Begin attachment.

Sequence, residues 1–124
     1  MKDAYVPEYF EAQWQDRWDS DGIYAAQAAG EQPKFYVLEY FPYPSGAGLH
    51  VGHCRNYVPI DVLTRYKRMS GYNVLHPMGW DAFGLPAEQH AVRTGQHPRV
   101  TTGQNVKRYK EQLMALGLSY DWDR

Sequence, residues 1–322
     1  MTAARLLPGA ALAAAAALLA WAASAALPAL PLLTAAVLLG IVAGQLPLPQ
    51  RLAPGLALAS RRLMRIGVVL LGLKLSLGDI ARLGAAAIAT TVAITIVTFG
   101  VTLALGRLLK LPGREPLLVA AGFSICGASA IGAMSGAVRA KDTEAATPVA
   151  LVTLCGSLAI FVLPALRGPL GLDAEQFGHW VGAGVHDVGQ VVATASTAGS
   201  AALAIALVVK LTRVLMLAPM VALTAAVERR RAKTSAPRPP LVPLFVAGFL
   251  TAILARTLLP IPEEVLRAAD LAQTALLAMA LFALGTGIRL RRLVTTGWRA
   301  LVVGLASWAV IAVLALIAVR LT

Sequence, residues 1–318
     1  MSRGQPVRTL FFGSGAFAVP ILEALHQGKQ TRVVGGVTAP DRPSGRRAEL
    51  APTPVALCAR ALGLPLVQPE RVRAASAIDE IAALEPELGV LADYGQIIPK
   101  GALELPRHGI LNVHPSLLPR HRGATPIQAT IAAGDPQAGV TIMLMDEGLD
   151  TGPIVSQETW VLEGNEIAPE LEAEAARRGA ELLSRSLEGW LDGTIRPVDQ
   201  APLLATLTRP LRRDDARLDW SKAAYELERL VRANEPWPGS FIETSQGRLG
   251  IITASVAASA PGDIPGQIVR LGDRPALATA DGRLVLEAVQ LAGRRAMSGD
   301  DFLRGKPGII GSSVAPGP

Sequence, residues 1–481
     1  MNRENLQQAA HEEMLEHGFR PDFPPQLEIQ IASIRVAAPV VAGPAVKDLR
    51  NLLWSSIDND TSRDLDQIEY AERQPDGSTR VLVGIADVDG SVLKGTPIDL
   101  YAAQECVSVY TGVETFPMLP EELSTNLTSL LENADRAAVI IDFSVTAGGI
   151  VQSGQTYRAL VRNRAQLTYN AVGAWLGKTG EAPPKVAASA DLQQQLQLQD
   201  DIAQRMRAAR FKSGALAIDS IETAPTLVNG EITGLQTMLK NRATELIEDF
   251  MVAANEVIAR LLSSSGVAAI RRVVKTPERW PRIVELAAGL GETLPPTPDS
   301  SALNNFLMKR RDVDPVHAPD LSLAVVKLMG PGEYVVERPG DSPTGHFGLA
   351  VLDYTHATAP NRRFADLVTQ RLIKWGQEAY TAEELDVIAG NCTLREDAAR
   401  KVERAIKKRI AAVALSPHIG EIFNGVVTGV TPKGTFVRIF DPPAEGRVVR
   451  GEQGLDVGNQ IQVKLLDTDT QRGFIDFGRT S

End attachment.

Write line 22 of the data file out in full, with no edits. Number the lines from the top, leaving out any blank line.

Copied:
     1  MNRENLQQAA HEEMLEHGFR PDFPPQLEIQ IASIRVAAPV VAGPAVKDLR